Banned drinkers register trial set for ‘soft opening’
The long-awaited Pilbara banned drinkers’ register trial is all set to launch on Tuesday, with a four-week “soft opening” in place to stamp out issues early.
Aimed to reduce antisocial behaviour across the region, the program will see registers alert liquor store workers of problem drinkers at the point of sale, giving licensees a real-time tool to identify those who cannot legally be sold alcohol.
Any person whose identification does not scan successfully will not be turned away for the first month of the two-year trial as system kinks are worked through.
As part of the initiative, people who would like voluntarily to remove their access to takeaway alcohol can elect to be placed on the BDR.
Those identified as banned drinkers will be directed to appropriate wraparound community services to provide access to support programs and initiatives.
Personal information relating to people on the BDR is expected to remain confidential, and no records will be kept by licensees about the buyer, what they bought, or if they have been refused.
WA company Scantek has been selected to supply and support the technology for the measure.
The trial’s effectiveness in preventing grog-fuelled crime and behaviour in the Pilbara will be evaluated by the University of WA Public Policy Institute.
Hedland Liquor Accord chair Brent Rudler said he was excited to see the BDR put in place after years of hard work between all agencies involved, and welcomed the decision to make the first month a soft opening.
“We want to get this right — a soft opening will give us the chance to work out any problems with the machines and adequately train our staff,” he said.
“December is also traditionally one of the busiest times of the year for us, so the soft opening will stop our customer flow being bottlenecked if we do have issues with the machine.
“The BDR will signal a new era of liquor standards in the Pilbara.
“It’ll see all outlets working together across the region and add another tool to our arsenal used to fight against alcohol-fuelled problems in the Pilbara.
West Pilbara Liquor Accord chair Bart Parsons said the BDR was a better way forward than blanket restrictions.
“From the point of view of being a punter, it’s a much better result because the vast majority — over 92 per cent— of people are doing the right thing,” he said.
“This can hopefully go some way to alleviating some of the issues that come along when you try and bring in restrictions.”
Mr Parsons said he expected there to be issues when the BDR roll-out begins.
“The Minister's office are quite well aware that it's going to be a bit of a cautious approach, not authoritarian or heavy handed,” he said.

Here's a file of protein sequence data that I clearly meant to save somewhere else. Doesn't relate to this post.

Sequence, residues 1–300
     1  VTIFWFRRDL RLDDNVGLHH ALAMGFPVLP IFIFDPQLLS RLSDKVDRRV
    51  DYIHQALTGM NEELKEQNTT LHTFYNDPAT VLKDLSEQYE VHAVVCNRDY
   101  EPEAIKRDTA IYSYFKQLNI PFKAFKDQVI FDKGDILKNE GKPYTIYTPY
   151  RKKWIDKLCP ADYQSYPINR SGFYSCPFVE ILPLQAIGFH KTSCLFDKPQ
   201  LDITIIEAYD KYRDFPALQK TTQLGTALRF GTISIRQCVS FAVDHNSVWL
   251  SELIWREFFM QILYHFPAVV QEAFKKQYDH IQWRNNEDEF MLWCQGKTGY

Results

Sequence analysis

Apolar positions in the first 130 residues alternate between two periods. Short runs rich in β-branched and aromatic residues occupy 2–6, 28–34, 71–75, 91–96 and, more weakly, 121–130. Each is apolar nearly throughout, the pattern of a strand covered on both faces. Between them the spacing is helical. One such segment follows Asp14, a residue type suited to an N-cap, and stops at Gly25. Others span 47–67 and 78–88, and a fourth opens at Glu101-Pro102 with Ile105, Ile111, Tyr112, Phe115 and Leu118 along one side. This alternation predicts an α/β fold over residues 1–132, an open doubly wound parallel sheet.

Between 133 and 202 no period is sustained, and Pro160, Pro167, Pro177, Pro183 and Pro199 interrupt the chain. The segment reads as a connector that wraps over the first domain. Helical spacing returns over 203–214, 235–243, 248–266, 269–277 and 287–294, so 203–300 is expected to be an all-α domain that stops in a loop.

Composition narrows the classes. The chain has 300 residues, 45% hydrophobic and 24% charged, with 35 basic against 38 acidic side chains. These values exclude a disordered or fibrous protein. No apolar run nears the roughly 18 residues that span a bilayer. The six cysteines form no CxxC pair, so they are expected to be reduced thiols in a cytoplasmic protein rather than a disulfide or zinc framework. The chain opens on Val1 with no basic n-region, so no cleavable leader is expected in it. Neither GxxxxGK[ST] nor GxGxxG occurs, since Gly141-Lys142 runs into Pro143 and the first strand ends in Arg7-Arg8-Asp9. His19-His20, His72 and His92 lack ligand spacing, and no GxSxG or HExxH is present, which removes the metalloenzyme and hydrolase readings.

“But I think come the end of January, that's enough time for people to get used to it.
“When it comes into full use, it'll have some issues with people that don't have IDs, but there's just no argument there in my opinion because at the end of the day if you will come to a licensed premises by law, you should have your ID on you.”
Racing and Gaming Minister Paul Papalia said the effects of alcohol-related harm in the Pilbara continued to be felt by those most vulnerable in the community, including children and families subject to domestic violence.
“While it is widely acknowledged that the issues around alcohol misuse are incredibly complex and cannot be resolved by a single solution, the BDR trial will add to our understanding of how best to mitigate these kinds of destructive behaviours,” he said.
“The BDR trial and UWA evaluation will investigate the efficacy of this approach, with a view to gaining a better understanding of whether BDRs should be used more widely around the State.
“The State Government is continuing to work with police, industry and the community to reduce alcohol-related harm in the Pilbara, and we thank the Liquor Stores Association WA and the Australian Hotels Association WA for their support.”
Member for Pilbara Kevin Michel said he was looking forward to seeing how the register would help curb alcohol-related problems.
“This trial will add to our body of knowledge around the best ways to deal with damaging behaviour related to alcohol, to ensure we provide help to those experiencing problems with alcohol and protect our community’s most vulnerable,” he said.
The Department of Local Government, Sport and Cultural Industries will begin extensive consultation with affected licensees and other key stakeholders during the two year trial period.
The soft opening is expected to finish, and systems to be fully up and running, by January 4.
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